Nowadays, it is usual to find numerous academic and professional management-related contributions that show a clear tendency towards defining the current business environment of organizations as hypercompetitive (D’Aveni, 1994). Unlike several decades ago, when companies were mainly concerned with having enough information to guide their decisional processes, the problem faced by organizations has been become increasingly centred, from the middle 1980s till now, on the possession of high quality, thus most valued, and better information about their business framework than their competitors. This is a widely accepted idea that has driven the evolution of the management information systems (MIS), in terms of their design, use and support functions required, from those based on the data, to the ulterior knowledge-based systems whose first exponent were the expert systems (Casey and Murphy, 1994, Sisodia, 1992, Talvinen, 1995 and Van Bruggen and Wierenga, 2000). This question of the improvement of the quality of the systems used to manage the variety of information owned by firms becomes even more important when it is analyzed within the framework of the marketing function; the business area primarily responsible for managing the relations with consumers, i.e., the firm’s target. As Li, Kinman, Duan, and Edwards (2000) note, considering the characteristics related to the competitive environment of firms, marketing strategies directed to markets must be based on an accurate knowledge of the consumers’ preferences and behaviour. In this task, the application of suitable marketing management support systems (MkMSS) to the analysis of data plays a notable role (Wierenga and Van Bruggen, 1997 and Wierenga and Van Bruggen, 2000). It is not unusual, therefore, to observe the intensification in the use of knowledge-based MkMSS by firms in recent years (Shim et al., 2002 and Wedel et al., 2000). This evolution of the MkMSS towards systems based on methodologies imported from the artificial intelligence area have tried to fulfil the demands of marketing managers and modellers in terms of working with methods of analysis that are more flexible, powerful and robust, and capable of providing greater and improved information with respect to consumers’ behaviour (Lilien, Kotler, & Moorthy, 1992). In this sense, though it is well known that the marketing expert systems were, in line with the MIS framework, the first knowledge-based systems applied to support the marketing managers’ decision processes, there have been significant and interesting advances, some of them very recent, such as those based on artificial neural networks, case-based reasoning, clustering, decision trees, or fuzzy systems (Akhter et al., 2005, Ha and Park, 1998, Li et al., 2000 and Wierenga and Van Bruggen, 2000). In any case, regardless of the marketing knowledge-based system we consider, each has one thing in common, the use of knowledge discovery in databases (KDD) methodologies (Fayyad, Piatesky-Shapiro, Smyth, & Uthurusamy, 1996), and hence, data mining (machine learning) paradigms. KDD implies the development of a process compounded by several stages that allow the conversion of low-level data into high-level knowledge, where the data mining is considered the core stage of such a process (Mitra, 2002). Nevertheless, it is important to be aware of the fact that the application of the data mining stage alone would be insufficient to undertake, with rigor and guarantees of success, a process of KDD (Fayyad & Simoudis, 1995). It is well known that KDD may offer excellent results when applied to marketing databases in general, as well as to the analysis of the behaviour of consumers in particular, though the development and application of specific KDD methodologies to marketing problems is still incipient (Liao & Chen, 2004). In this regard, we believe that the benefits provided by KDD should not only motivate its use in firms that are clearly interested in improving the efficiency of their MkMSS, thus their marketing decision making, but also in marketing academics. Specifically, in our opinion, the academics’ efforts must be focused on two main questions with regard to this: first, an intelligent, oriented and selective increase in the use of the KDD techniques, based on their properties for solving the marketing problem faced by the academics; and second, an active research to adapt generic KDD methodologies to the specific characteristics of the marketing problems to which they are going to be applied. In this sense, the main contribution of this paper focuses on the latter.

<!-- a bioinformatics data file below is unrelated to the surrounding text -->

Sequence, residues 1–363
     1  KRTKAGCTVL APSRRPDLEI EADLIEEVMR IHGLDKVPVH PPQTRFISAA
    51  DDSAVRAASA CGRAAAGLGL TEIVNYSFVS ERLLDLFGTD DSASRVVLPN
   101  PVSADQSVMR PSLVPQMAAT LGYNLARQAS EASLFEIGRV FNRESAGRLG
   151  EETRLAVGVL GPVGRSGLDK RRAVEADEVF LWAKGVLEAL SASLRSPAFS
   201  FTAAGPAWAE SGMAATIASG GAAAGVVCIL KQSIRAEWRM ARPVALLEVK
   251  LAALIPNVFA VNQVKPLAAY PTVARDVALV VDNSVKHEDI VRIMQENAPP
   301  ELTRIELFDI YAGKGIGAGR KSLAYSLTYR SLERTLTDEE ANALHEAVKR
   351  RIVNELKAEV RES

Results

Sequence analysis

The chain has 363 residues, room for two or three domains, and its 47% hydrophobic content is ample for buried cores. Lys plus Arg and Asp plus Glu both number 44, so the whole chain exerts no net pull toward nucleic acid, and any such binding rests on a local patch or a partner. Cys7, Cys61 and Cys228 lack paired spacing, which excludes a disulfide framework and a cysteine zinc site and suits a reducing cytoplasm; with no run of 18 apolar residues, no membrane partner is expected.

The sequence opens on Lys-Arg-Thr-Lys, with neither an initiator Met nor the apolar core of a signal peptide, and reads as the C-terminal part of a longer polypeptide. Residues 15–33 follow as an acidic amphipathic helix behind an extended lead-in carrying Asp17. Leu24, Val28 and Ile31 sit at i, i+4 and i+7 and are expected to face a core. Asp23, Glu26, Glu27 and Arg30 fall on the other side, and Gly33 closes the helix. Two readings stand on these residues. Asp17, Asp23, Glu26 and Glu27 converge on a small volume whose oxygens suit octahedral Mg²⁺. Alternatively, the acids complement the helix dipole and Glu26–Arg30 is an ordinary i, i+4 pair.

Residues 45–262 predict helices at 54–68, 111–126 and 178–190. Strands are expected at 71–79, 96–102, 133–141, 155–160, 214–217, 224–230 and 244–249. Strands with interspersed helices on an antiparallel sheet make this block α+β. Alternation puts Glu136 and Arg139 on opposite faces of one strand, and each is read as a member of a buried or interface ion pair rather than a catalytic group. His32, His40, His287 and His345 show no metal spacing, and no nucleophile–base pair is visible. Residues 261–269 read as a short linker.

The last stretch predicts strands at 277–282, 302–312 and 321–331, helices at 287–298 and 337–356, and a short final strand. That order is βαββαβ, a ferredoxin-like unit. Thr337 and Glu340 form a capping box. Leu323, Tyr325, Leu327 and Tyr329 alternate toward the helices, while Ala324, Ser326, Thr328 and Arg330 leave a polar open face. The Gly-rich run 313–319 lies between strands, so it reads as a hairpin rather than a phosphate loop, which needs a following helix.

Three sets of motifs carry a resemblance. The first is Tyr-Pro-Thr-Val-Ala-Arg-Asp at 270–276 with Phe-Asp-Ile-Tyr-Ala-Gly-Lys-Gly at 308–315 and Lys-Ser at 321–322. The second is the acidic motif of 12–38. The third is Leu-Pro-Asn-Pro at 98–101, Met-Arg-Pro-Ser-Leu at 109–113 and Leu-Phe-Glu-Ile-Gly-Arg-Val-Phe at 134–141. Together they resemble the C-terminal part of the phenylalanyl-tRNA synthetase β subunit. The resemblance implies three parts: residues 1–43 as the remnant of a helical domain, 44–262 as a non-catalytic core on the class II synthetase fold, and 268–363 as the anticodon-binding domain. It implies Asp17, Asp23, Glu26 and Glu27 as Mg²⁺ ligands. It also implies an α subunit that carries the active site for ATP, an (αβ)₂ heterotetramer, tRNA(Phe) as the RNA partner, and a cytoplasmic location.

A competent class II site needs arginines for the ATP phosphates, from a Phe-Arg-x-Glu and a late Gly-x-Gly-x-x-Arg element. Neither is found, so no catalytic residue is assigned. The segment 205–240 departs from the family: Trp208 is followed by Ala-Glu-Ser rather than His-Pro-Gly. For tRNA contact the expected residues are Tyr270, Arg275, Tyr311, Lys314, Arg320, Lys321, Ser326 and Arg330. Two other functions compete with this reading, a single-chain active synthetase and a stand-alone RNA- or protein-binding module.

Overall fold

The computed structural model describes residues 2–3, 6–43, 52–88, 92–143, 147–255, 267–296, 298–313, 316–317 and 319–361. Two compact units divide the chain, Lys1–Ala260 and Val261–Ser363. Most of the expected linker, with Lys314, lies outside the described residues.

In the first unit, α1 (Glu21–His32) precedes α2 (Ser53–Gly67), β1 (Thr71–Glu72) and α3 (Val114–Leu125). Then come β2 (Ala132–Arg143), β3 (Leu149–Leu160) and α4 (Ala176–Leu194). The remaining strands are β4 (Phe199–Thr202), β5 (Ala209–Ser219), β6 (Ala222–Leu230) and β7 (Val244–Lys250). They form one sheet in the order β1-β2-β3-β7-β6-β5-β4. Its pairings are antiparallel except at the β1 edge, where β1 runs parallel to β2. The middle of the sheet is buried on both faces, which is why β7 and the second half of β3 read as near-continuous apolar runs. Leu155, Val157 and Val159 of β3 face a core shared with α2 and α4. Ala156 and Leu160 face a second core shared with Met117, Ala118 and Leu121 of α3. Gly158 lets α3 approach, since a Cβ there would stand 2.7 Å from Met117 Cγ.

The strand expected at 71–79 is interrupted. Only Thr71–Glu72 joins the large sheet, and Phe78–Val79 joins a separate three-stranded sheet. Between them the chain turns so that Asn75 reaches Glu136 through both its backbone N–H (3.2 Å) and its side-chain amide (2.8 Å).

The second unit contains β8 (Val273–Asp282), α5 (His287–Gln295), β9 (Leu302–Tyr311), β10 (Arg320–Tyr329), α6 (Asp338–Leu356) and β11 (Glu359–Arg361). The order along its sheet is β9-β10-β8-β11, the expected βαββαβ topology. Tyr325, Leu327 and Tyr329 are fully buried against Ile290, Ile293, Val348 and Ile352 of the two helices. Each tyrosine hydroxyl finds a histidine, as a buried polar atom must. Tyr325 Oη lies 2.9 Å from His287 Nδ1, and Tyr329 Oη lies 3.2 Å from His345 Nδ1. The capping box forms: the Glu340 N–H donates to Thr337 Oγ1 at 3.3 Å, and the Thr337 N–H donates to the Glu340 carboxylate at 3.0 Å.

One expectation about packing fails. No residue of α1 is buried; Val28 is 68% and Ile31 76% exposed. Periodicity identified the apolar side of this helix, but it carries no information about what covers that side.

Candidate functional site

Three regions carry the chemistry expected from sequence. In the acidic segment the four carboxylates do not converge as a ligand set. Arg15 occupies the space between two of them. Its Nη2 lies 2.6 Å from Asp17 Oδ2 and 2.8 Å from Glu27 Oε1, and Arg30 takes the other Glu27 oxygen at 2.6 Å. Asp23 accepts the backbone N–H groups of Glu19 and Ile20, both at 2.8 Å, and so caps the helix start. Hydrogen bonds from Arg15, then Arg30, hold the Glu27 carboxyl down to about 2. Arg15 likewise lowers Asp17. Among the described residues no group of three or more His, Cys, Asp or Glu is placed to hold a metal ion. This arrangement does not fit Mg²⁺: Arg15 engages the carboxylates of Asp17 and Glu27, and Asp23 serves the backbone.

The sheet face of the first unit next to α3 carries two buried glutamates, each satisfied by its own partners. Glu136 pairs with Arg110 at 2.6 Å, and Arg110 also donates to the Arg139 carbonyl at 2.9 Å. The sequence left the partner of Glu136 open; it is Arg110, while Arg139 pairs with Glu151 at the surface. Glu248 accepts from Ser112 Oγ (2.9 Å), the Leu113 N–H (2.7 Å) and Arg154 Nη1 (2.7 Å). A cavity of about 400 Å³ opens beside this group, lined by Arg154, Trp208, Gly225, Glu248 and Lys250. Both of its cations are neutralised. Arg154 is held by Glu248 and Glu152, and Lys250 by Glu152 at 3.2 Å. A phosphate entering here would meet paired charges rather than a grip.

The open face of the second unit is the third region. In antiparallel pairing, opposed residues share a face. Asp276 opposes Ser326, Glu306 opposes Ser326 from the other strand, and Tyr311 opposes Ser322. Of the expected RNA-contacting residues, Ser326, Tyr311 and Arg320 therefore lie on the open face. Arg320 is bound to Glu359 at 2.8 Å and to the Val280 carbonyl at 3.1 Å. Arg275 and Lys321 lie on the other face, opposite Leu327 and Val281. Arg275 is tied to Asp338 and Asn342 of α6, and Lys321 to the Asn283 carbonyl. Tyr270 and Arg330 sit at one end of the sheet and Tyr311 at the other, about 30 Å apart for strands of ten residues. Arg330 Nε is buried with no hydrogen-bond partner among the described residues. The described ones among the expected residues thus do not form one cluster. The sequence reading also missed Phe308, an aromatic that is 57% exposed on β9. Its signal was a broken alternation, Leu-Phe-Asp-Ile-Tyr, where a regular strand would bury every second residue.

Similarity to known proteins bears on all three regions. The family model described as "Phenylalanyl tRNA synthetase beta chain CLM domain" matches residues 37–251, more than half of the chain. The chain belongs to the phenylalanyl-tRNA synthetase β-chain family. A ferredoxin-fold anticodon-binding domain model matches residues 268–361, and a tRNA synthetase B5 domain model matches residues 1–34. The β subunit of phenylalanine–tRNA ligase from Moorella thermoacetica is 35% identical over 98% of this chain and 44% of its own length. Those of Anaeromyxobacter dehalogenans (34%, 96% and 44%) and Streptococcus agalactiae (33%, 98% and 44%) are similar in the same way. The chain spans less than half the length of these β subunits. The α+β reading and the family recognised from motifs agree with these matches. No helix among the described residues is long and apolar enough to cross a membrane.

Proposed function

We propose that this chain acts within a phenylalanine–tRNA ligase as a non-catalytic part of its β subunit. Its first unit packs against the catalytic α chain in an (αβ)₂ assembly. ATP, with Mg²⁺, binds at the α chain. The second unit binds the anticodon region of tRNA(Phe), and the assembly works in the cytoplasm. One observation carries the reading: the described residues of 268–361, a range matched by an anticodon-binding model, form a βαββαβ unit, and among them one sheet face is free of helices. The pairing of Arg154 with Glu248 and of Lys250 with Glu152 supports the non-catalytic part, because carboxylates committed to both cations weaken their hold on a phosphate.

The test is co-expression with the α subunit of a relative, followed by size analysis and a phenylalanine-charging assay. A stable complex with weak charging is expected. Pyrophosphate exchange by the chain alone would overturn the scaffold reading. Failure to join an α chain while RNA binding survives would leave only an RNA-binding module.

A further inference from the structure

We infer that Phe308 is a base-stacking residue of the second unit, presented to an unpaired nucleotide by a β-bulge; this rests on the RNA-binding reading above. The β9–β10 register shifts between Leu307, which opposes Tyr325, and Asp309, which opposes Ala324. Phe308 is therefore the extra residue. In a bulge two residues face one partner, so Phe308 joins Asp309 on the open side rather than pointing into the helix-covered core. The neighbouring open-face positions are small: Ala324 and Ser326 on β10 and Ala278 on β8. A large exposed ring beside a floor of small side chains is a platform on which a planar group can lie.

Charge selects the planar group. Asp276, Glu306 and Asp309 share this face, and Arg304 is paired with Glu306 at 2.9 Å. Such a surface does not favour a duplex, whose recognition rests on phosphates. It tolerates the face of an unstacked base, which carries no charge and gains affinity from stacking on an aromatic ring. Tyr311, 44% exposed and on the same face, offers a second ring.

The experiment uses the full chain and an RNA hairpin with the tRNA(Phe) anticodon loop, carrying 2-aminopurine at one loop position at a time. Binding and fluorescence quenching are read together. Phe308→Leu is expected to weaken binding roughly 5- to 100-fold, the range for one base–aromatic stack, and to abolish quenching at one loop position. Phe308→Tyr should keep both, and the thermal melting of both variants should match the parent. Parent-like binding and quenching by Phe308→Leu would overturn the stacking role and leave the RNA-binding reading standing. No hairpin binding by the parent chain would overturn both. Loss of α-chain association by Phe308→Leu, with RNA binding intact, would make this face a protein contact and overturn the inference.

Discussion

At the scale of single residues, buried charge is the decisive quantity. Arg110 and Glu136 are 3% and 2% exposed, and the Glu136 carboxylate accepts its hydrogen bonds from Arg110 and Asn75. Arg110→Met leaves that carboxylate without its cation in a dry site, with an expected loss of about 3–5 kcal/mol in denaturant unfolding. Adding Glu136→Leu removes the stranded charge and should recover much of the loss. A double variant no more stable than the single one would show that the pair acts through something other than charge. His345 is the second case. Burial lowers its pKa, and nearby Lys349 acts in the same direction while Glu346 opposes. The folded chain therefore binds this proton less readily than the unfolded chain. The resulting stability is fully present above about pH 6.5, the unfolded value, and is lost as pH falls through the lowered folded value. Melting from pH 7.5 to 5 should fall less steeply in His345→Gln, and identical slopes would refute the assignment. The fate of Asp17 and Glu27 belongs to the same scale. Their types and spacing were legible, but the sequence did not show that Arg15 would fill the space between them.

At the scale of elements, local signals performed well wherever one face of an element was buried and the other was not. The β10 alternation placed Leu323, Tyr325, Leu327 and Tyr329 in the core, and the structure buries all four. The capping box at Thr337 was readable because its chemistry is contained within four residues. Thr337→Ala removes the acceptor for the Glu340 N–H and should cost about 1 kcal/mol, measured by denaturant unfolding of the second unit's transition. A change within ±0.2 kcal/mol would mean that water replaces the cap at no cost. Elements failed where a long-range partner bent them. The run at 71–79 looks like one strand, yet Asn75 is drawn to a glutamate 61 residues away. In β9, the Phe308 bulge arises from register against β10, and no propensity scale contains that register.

نتیجه گیری انگلیسی
The paper has introduced a novel problem in marketing where KDD can help to generate easily understandable models for predictive induction. As far as we know, this is the first time that KDD has been applied to estimate structural models for consumer behaviour, which is usually done by traditional statistical tools. The proposed methodology develops three different stages of KDD: data collection, data mining, and knowledge interpretation. Data are collected from questionnaires based on a theoretically defined structural model filled in by consumers. The proposed data mining approach is based on the use of genetic algorithms to learn fuzzy rules. The problem provides a specific kind of uncertain data set that justifies the use of fuzzy logic. We perform multiobjective optimization (according to several quality criteria) to obtain diverse fuzzy models with different balances between accuracy and legibility. These alternative solutions can be analyzed by an expert from plots that collect the considered quality criteria. Finally, the solutions selected are interpreted by means of visual modelling that shows the system behaviour in a graphical and compact way, thus helping the expert to take decisions about the market analyzed according to the consumer’s opinions. Our KDD methodology has been appropriately applied to a real-world problem that analyzes consumer behaviour in interactive computer-mediated environments. As further work, we intent to extend our KDD approach to other areas in social science that use similar kinds of data to analyze human behaviour.